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For some reason there were about a score of wagons in the station sidings, all derailed but upright. These were laboriously re-railed during July using an engine, a chain and planks. At the outset, passenger traffic was two through trains from Bestwig to Frankenberg, early morning and evening, crossing at Winterberg. A conditional train, about midday, appeared in the February 1946 and, by July 1946, there were three regular trains each way, but none on Sundays. The normal locos were the hefty top-heavy looking BR 93 2-8-2Ts, BR 58 small 2-10-0s, both versions of the BR 56 2-8-0s and even one day late in July 1945, 57.2627, a Prussian 0-10-0.
In this high Summer period, the only time I got away from Winterberg was when two of us took a truck to Mandern on the Brilon—Korbach—Wabern line (KBS 532), very near to Fritzlar. We went to get diesel oil and petrol in huge drums and Jerry-cans. We had to man-handle the lot with some help from the Americans who ran the fuel dump. The northern end of this line was disused with a broken bridge between Selbach and Netze. Three old BR 55 O-8-0s (Prussian G8) stood undamaged but dead and rusting on a siding in the boiling sun; no camera unfortunately.
My second home leave journey was quite exciting. Three of us left Winterberg by road, very early, on the way to the Rhein-Main airfield at Frankfurt on August 15th. A R.A.F. Lancaster was supposed to take a load of R.A.F. leave men but never appeared. It was, of course, V.J.Day and nothing was flying at Rhein-Main. The Americans seemed to be having noisy parties in various huts and buildings. We were getting very fed-up and worried when, towards evening a R.A.F. Dakota, flown by two Warrant Officers, appeared. We begged a lift in this worn-looking and very noisy cargo plane to Northolt airfield in London. On reporting to the official R.A.F. departure airfield near Huntingdon (where I saw L.N.E.R. 10000 painted black and on a fitted freight) we got into trouble for taking an unofficial lift home, despite the non-arrival of the Lancaster and were told to return via London and Belgium. We had overnight stops at London, Tilbury, Blankenberghe and Mons. Our road journey after Köln was through the Bergischland, a lovely hilly wooded district, often alongside KBS 416 and 415. No traffic was running and the only locos were dead or damaged Prussian types.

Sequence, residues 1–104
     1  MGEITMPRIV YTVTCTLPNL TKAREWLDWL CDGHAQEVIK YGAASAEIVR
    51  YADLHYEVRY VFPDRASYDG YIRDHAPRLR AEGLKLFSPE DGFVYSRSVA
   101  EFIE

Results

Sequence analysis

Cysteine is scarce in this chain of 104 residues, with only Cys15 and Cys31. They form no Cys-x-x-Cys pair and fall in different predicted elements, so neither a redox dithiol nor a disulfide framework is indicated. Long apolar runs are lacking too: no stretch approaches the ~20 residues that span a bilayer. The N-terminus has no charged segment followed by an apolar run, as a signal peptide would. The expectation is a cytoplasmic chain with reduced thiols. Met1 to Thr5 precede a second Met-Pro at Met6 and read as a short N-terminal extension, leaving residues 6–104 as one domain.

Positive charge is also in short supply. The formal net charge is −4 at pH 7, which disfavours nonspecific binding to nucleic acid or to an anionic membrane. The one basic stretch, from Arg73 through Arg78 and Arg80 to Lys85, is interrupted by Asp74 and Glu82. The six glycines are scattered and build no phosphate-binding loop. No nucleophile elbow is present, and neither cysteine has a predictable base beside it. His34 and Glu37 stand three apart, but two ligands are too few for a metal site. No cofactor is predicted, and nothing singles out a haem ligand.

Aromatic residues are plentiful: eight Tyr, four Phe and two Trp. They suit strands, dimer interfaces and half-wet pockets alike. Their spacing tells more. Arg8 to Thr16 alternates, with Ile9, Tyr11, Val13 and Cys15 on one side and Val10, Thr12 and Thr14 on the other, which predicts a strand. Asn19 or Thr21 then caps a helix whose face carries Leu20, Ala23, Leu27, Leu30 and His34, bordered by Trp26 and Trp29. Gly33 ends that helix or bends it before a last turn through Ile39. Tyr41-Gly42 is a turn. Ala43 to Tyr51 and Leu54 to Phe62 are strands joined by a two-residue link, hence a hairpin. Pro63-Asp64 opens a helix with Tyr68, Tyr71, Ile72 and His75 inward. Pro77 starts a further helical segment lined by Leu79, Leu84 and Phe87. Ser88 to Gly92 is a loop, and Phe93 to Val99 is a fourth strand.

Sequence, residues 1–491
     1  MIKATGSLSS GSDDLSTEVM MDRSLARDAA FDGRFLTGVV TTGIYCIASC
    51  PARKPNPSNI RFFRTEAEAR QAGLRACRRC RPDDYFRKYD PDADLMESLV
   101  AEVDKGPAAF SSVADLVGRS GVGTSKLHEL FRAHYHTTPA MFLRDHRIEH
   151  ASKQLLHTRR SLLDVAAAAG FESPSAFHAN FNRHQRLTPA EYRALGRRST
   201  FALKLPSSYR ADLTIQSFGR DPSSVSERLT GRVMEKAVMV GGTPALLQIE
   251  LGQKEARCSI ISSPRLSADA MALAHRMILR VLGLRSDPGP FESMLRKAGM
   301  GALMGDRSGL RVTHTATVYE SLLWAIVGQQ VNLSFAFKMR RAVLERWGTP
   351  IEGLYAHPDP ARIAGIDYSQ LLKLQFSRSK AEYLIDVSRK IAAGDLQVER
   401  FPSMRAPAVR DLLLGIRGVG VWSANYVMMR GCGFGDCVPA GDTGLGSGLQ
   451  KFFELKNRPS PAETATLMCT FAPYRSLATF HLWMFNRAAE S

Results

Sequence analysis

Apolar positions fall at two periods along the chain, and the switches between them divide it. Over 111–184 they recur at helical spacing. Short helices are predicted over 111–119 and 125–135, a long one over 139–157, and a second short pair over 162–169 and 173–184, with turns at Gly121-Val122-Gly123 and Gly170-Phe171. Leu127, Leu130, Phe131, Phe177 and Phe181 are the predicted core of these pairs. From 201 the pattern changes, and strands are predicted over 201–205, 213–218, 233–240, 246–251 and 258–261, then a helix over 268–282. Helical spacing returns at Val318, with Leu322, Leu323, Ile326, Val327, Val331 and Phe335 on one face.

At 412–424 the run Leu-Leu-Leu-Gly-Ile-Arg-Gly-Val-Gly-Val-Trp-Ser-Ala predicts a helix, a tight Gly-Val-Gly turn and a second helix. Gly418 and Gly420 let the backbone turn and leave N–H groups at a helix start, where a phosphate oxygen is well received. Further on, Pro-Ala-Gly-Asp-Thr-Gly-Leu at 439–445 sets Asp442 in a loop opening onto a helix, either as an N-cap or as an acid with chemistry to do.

EARLY JOURNEYS IN THE BRITISH ZONE
I spent early September 1945 in Winterberg and the only noteworthy visitor, apart from the usual locos mentioned earlier, was the first I had seen of the light 2-10-0s of BR 50, 50.2671, one of the UK series, the forerunners of BR 52, the ‘Kriegsloks’. I went once by truck to the main local town, Arnsberg, and this took me along side the Ruhr Valley line; Hagen—Bestwig—Warburg—Kassel (KBS 350). The infant River Ruhr rises at a spring on a wooded hill just north of Winterberg. Arnsberg, though little damaged, had two bridges across a loop of the Ruhr and separated by a short tunnel. Both had been destroyed but by this time were partly restored for single-track working with the usual U.S. Army bridging. The westerly bridge, a stone viaduct of several arches over the deep gorge of the river at this point, was still only partly rebuilt when I left in January 1947. The tunnel mouth had been wrecked in an attempt to block it. It was here that I got a good view of the splendid BR 44 2-10-0s which I discovered were in charge of the heavy coal and coke trains from the Ruhr mines into the U.S.Zone near Kassel and probably on into the Russian Zone.
Later that month, the wireless mechanic and I went to our H.Q. at Mons to get various spares for vehicles and radio gear. As usual, we went through the Bergischland to Köln, Aachen and then on to Liége. My colleague had got to know a Belgian family in Liége and they pressed us to stay overnight. We slept on mattresses in the lounge which overlooked the famous incline up which the Liege to Brussels line climbs out of the Meuse valley. There was traffic moving up and down all night. There were. of course many U.S.Army 2-8-0s, some 0-10-0Ts used as bankers and three of the odd-looking long-framed Flamme Pacifics, besides much else. Next day in Mons, I spent some time near the station but saw nothing but Belgian locos apart from an old World War One vintage U.S. Army 4-6-0, then in Belgian stock.
93.344 (Bw Frankenberg) at Winterberg on either 13th or 17th July 1945.
BR 58.1277 at Winterberg on the midday freight train on 17th July 1945.
BR 57.2627 at Winterberg on a Bestwig to Frankenberg passenger train 26th July 1945
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